The working conditions of the users of the Parliament House were made better. Fire safety and exit security as well as the safe use, accessibility and reachability of the building were improved in various ways. Acoustic properties were also improved where it was necessary and possible. The security systems were developed continuously during the ten-year span of the project to make them meet the requirements of ongoing and future changes.
The main functional changes were related to the relocation of logistic operations to a new logistic centre in renovated underground spaces and the alteration of the spaces beneath the chamber into a service centre for the MPs and work area for media.
A historically significant functional change is, perhaps, the building of a space for public hearings, the Arkadia Hall, into the former Finance Committee Hall on the third floor.
The acoustic sugar cane ceiling of the chamber was restored. The last detected lot of coffered panels was imported from Australia and stored for potential future need.
Economical work methods
In construction technology, the Parliament House represents the craft production of its time, the 1930s. The load-bearing exterior walls are of brick clad with thick granite, the intermediate floors and chamber dome of in-situ cast reinforced concrete.
While the exterior gives the impression of a building of one material, the interiors abound in different materials and colours. A wide range of traditional paint applications in different grades of gloss were used in surface treatments. The stateliest rooms were refined with stucco and marble surfacing. Leading artists, designers and artisans were engaged in the design and making of the total work of art envisioned by the architect.
Excessive chiselling that would cause extra damage, open fire and sparks, use of water, admittance of damp and cold into the building, spreading dust and grit in spaces of ongoing work and under protective sheets were avoided during the renovation.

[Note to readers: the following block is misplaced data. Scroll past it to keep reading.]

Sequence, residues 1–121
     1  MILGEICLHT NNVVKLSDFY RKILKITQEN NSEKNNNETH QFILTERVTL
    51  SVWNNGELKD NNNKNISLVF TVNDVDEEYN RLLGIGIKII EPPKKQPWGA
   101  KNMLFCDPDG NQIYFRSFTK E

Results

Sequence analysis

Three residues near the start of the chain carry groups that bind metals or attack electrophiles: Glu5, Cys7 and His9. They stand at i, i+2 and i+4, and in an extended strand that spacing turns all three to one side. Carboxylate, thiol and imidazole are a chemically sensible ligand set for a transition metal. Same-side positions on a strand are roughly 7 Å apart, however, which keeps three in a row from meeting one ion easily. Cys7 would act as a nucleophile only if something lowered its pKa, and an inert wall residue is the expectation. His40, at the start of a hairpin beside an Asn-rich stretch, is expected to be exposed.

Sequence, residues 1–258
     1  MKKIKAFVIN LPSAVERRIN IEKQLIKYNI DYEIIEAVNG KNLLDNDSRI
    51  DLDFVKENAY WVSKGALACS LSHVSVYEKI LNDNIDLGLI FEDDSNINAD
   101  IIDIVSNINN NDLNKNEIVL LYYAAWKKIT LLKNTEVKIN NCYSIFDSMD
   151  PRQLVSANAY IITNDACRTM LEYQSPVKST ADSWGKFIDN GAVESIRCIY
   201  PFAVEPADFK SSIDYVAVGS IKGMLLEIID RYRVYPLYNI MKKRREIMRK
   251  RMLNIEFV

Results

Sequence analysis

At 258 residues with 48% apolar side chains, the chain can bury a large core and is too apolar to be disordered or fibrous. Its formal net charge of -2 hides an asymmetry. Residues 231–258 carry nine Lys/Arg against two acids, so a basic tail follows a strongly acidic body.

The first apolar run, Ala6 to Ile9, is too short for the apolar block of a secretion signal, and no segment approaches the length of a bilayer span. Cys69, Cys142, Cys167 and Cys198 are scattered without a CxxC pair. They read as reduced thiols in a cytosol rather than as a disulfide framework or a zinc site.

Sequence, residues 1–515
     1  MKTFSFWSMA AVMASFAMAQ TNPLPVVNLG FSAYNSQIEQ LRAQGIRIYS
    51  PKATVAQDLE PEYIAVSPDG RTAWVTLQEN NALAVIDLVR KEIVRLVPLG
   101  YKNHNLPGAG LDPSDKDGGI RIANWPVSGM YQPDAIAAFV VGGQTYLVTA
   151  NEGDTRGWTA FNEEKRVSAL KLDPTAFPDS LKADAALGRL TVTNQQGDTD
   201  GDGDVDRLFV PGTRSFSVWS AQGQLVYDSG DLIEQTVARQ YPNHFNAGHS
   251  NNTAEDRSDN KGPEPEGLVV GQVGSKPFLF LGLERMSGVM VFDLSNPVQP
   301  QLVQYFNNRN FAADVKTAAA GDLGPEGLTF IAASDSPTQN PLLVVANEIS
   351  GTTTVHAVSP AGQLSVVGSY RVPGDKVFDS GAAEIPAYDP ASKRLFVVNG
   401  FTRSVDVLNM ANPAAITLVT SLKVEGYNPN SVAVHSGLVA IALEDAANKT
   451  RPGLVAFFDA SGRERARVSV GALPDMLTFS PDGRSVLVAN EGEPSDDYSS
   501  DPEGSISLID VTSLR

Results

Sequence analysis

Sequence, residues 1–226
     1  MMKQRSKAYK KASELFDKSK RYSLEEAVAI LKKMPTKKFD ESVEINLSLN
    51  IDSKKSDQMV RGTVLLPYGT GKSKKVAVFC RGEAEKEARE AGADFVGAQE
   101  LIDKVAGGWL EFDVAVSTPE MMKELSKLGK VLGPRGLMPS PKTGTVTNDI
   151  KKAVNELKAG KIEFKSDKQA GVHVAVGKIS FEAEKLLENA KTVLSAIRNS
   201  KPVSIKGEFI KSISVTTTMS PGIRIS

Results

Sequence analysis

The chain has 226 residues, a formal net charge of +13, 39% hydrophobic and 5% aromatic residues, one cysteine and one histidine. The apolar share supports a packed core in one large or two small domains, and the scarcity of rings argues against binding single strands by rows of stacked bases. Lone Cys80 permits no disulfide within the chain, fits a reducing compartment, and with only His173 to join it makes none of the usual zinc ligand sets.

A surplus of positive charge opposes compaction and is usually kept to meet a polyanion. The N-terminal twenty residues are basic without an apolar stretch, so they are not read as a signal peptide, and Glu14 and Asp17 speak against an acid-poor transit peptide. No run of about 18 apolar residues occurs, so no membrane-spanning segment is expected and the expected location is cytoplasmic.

The installations that raised the level of security in the Parliament House had to be designed to be done without an impact on the historical and architectural significance of the building. Fire safety was improved as much as it was possible in connection with diverse procedures, examples including new fireproof upholstery fabrics and improved fire doors as well as the installation of an automatic fire alarm system, smoke venting system and emergency announcement system.
The starting point was to put the main building technically in blameless order: achieve the functional and physical conditions of a modern work and office environment by renovating the spaces and renewing technical installations, including all ventilation systems, individual cooling of offices, electrical installations and data systems. All technical installations were fitted and concealed so as to not visually mar the architecture of the spaces.
Previous generations have devoted a lot of work and thought to the Parliament House in order to achieve the best possible quality. We had to be able to do the same today. Essential ingredients of design and construction work in achieving a good end result were the quality control of building components, materials, work and performance; collaboration and continuous, close communication between people engaged in the project; respect for professionals of different fields; knowing and following the designs; daily presence of the site architect and information flow through him.
It feels just great. It feels like one is a football player who has got to play at his own stadium, praises Ozan Yanar of the Greens. Yanar bets that the stately chamber will have an influence on the style of debate.
MTV News 5th September 2017
This day, the fifth of September 2017, is a day of great joy to us, as we get to start parliamentary work in the Parliament House that has been restored to its original dignity. The house was built as a symbol of Finnish independence. The return of Parliament to its home is one of the great events of the centenary of our country and the boast of the nation.
Speaker Maria Lohela’s speech to the Members of Parliament and parliamentary personnel on 5th September 2017